Let me confess here. I once had a very low opinion of crochet. Crochet was for Christmas themed toilet roll cozies and Grandma crafts that included walnut critters with googly eyes. Don’t get me wrong I wax nostalgic for anything with googly eyes, but about 10 years ago when I re-discovered knitting, I was determined to pick up knitting again because I didn’t want to crochet. Crochet reminded me of orthopedic shoes and support hose.*
Gorgeous Crochet Gown by OutsaPop Trashion
Crochet wasn’t sexy.
Now let me apologize to all the crochetiers and crochet afficionados out there by saying “I WAS WRONG.” More than a year ago I was introduced to the idea of Crochet being for all sorts of gorgeous garments in one of Brenda Dayne’s Cast On podcasts. This podcast along with the work in Interweave Crochet magazine gradually transformed my opinion of crochet.
I discovered that crochet can be used to make aesthetically pleasing garments of not just lace but well structured and sturdy articles of clothing. It can be used to make stylish and fashionable accessories and household objects. I ran a quick search on Flickr and I found many wonderful examples.
But crochet also sparks the imagination and fancy in a way that knitting does not. In the Flickr search I found wonderful objects and creatures that are not easy to find among knitted toys. I’ve made knitted objects before. I’ve knit and shaped the muzzle of a bear and the steps you take (increases, decreases and short rows) felt more like following a mystery puzzle than a pattern. A while back I took a class on how to make Amigurumi, and a sparks shot off in my head. Crochet made more sense to me ‘geometrically’ than knitting. There are different possibilities with crochet because you can structure and shape three dimensional objects easily with strategic increases and decreases. You can build spheres, cylinders, tubes, even cubical objects easily and these structures are pretty sturdy and can stand up on their own when crocheted with certain fibers.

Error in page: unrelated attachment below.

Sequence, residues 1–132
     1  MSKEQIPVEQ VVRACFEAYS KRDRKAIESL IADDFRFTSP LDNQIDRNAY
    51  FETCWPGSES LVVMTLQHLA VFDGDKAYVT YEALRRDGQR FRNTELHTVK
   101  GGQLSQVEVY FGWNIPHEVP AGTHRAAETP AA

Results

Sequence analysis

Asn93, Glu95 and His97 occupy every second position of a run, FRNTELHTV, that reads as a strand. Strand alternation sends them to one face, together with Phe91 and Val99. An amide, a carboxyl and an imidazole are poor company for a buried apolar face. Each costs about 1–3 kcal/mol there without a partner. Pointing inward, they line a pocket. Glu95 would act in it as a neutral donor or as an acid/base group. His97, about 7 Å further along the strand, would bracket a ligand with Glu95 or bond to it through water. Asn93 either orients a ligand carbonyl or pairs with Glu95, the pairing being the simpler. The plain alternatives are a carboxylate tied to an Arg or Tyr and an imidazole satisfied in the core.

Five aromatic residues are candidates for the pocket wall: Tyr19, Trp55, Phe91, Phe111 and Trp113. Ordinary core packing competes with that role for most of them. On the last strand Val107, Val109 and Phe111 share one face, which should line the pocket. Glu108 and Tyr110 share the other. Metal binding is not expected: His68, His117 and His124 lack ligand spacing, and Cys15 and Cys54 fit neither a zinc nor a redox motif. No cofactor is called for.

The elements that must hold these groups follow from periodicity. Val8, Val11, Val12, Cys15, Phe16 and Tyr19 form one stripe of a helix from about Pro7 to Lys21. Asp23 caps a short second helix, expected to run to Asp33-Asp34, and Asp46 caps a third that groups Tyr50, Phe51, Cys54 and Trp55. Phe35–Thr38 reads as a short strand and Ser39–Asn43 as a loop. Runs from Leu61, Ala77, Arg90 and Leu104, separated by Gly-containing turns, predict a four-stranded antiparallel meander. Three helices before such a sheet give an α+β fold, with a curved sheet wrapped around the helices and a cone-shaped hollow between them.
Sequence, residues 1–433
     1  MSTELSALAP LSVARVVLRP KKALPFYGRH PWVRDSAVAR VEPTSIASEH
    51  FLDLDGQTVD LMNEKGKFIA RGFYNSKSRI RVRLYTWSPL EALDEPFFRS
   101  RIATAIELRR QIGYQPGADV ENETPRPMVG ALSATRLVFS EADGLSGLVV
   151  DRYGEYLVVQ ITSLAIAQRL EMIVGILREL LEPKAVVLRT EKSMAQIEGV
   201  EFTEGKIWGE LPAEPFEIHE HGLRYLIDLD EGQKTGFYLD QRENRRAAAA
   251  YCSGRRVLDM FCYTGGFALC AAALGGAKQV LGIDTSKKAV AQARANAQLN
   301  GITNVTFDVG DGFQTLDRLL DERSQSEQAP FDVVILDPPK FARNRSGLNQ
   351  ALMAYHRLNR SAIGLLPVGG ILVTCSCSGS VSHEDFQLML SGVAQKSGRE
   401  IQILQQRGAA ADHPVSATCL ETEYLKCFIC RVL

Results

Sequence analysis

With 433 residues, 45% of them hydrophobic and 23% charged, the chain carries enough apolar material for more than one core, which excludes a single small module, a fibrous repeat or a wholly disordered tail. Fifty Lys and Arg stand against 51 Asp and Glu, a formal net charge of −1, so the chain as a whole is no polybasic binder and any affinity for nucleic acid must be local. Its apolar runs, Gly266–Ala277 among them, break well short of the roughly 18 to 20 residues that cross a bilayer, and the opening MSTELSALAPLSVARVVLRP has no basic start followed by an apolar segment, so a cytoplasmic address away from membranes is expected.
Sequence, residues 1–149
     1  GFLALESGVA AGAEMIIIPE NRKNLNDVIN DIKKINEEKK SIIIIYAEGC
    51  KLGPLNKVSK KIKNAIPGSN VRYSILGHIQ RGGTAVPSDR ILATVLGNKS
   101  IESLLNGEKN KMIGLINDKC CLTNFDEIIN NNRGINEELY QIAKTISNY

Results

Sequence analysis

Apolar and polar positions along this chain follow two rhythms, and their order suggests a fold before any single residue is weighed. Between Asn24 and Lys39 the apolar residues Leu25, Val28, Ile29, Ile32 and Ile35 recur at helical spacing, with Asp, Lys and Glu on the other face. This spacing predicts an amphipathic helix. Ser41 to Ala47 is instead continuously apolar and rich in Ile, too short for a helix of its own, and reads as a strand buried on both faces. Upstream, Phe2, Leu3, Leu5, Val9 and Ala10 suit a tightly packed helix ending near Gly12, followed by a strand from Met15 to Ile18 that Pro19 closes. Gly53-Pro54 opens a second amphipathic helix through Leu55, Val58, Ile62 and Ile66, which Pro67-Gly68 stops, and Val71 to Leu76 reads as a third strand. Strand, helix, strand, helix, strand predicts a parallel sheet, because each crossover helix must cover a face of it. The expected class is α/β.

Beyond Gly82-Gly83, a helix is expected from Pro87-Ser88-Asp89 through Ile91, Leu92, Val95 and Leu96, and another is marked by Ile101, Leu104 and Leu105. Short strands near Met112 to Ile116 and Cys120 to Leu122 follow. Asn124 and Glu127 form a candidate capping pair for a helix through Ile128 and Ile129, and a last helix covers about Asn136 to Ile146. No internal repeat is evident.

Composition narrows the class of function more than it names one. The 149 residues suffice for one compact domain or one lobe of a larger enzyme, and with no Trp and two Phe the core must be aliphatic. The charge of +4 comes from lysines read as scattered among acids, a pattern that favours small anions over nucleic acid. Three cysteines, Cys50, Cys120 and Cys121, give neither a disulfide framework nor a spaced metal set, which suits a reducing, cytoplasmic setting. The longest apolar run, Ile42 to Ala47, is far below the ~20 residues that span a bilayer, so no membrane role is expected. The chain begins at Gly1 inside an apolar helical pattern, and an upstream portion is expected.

This year I’m teaching a few crochet classes at the Naked Sheep Knit Shop. My first class “Learn to Crochet” starts next week. I’m incredibly excited to share my new found love of this fiber art with others. Through swatching, and experimentation with stitches and textures, I’m hoping to guide my students through the basics and help each of them pick a beginner project . I think there are three people currently in the course and there is more space left.
If you’re interested (and live in the Portland Metro Area) I”m also teaching a course on Amigurumi toys. All the information is listed in the link below.
*Please note… I didn’t hate crochet back then… I just had some erroneous preconceptions based me associating it with senior ladies. Like most youth… I didn’t want to be associated with ‘older people’ and their sense of style. Though this doesn’t explain my love of Big Band as an adolescent. To be truthful, I do also have some very fond memories of crochet. The woman who was our babysitter and caregiver was an avid crocheter… she taught me how to make my first object… a hat that looked more like a sausage.